There is no clear indication what steps the United Nations Human Rights Council will recommend to end violence in West Papua committed by Indonesian armed forces.
At the 51st session of the Human Rights Council, Acting High Commissioner for Human Rights, Nada Al-Nashif has expressed shock over reports of West Papua mutilations but did not outline what must be done to put an end to this.
West Papua was a Dutch colony known as Irian Jaya. It was decided in the 1950s that West Papua would be given independence, however this did not eventuate.
With geopolitical tensions arising from the Cold War, the United States negotiated an Indonesian handover to which no referendum was ever taken from the people who settled there thousands of years ago.
Since then the people of West Papua have been seeking independence while Indonesia does not want to let go of the resource rich Pacific nation.
Pacific nations have sided with Indonesia on this issue however have called for violence to end. Last month, bodies of four West Papuan natives were discovered dismembered, in suitcases and thrown in a river.
Six Indonesian security personnel were arrested however claims were made that the four men were rebels on their way to purchase guns.
The family members of the four said they were on their way to buy agricultural products.
Ms Al-Nashif said the UNHRC had received reports of intensified violence, including clashes between the Indonesian security forces and armed groups resulting in unknown numbers of civilian casualties and fatalities and internal displacement.
“I am shocked by recent reports of the dismembered bodies of four indigenous Papuan civilians found outside Timika in West Papua Province on August 22,” she said in her global Human Rights Update.
“I note the Government’s initial efforts to investigate, including the arrest of at least six military personnel, and urge a thorough, impartial, and independent investigation, holding those responsible to account.”
She said the coming months will be a critical test to political will. These have merely been words but the reality of the things happening on the ground are different to what is being portrayed.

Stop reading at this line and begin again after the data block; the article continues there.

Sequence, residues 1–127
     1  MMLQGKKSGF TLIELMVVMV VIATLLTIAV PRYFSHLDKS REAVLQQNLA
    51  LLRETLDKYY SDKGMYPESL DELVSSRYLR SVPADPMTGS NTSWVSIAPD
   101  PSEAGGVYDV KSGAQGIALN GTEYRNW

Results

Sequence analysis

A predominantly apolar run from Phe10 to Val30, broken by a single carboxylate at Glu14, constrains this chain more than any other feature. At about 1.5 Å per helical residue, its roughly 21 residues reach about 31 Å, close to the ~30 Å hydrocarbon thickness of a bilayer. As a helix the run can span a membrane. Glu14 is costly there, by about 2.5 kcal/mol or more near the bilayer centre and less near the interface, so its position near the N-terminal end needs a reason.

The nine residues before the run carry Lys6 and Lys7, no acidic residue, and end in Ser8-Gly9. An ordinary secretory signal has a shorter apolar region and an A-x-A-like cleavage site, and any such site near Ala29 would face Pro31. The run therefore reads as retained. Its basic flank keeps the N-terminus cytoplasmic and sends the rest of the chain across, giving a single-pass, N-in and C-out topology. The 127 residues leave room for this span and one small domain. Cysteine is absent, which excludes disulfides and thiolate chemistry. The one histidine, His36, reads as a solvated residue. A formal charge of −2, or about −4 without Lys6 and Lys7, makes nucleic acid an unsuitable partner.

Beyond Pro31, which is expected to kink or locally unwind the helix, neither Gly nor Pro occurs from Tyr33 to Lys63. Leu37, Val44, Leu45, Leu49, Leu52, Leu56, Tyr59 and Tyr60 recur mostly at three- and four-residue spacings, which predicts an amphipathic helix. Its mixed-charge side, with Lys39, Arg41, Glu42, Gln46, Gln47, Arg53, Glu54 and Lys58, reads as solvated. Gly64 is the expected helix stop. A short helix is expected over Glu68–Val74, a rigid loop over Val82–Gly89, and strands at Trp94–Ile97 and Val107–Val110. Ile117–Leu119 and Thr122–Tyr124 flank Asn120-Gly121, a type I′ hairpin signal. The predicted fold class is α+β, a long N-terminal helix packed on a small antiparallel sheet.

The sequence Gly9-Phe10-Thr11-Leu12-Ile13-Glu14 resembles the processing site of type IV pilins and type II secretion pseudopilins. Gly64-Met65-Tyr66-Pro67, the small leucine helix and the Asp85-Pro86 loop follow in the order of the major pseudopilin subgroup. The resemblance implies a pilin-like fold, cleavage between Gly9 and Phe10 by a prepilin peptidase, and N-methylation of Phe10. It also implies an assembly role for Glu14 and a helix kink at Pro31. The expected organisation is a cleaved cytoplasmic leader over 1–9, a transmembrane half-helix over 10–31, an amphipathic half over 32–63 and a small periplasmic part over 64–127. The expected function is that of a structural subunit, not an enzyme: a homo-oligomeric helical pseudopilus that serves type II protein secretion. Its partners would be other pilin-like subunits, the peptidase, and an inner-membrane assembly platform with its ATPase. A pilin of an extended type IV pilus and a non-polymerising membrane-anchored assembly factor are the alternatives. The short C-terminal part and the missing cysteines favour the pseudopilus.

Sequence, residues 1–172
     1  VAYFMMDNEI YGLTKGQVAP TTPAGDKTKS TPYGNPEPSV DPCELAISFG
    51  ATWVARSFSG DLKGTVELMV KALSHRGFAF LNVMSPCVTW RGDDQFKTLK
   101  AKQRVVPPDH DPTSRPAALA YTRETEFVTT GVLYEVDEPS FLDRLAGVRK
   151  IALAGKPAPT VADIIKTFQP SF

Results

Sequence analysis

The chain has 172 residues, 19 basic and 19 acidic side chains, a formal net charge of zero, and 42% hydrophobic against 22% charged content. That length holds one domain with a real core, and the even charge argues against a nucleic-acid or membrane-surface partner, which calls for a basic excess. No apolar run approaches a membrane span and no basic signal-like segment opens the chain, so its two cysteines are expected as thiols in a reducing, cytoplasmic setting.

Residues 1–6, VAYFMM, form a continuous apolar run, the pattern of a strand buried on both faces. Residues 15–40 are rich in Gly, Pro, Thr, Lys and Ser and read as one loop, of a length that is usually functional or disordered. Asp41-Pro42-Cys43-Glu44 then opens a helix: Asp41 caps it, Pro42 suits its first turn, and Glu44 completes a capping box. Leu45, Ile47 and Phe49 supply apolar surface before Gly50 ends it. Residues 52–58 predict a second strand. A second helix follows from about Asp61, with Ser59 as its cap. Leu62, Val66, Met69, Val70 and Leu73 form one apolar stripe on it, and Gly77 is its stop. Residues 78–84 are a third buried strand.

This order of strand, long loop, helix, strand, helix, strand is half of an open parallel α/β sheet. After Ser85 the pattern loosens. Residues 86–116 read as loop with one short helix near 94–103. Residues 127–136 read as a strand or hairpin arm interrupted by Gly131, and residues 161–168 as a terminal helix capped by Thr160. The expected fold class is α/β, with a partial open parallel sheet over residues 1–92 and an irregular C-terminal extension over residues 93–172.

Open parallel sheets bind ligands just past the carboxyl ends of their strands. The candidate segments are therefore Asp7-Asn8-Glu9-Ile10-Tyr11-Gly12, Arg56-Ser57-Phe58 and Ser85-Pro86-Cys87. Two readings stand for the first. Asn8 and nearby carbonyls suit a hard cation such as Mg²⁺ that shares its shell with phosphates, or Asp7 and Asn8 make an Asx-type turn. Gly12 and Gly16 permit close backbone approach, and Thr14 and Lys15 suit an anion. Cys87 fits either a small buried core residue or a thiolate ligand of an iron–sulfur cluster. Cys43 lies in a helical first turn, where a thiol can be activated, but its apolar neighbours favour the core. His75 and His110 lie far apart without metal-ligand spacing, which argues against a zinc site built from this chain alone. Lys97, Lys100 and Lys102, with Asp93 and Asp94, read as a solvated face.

Last week, Governor Lukas Enembe of Indonesia’s Melanesian province of Papua was banned from travelling abroad by the state Directorate General of Immigration, Ministry of Law and Human Rights, preventing him undergoing vital medical treatment in the Philippines.
Mr Enembe, 55, was due to go to Manila this month. However, his hope of getting treatment there has been dashed by the ban from the Directorate General of Immigration who claimed that submissions were received from the Corruption Eradication Commission.
The order preventing any overseas trip to Governor Lukas Enembe is in force until March 7, 2023. This is the fourth such attempt at Mr Enembe, three others have failed miserably.
There is now anger in West Papua as another conflict looms and with it possible clashes with Indonesian security forces.
Responding to Ms Al-Nashif’s speech, representatives of Indonesia confirmed that they had taken direct steps to legally process the suspects in the mutilation case.
It was stated that President Joko Widodo had directly ordered the TNI Commander to complete this case, and to prosecute all the perpetrators of these crimes.
Based on the report of the TNI Commander Andika Perkasa, it was explained that as many as nine suspects had been detained, examined, and underwent legal processes.
All the suspects face multiple charges, including premeditated murder. The UNHRC was told the suspects face possible sentences of 20 years in prison to life in prison.
All perpetrators who are members of the TNI will be dishonourably discharged. This proves the seriousness of the government in investigating the case, as well as affirming its commitment to upholding human rights in Papua.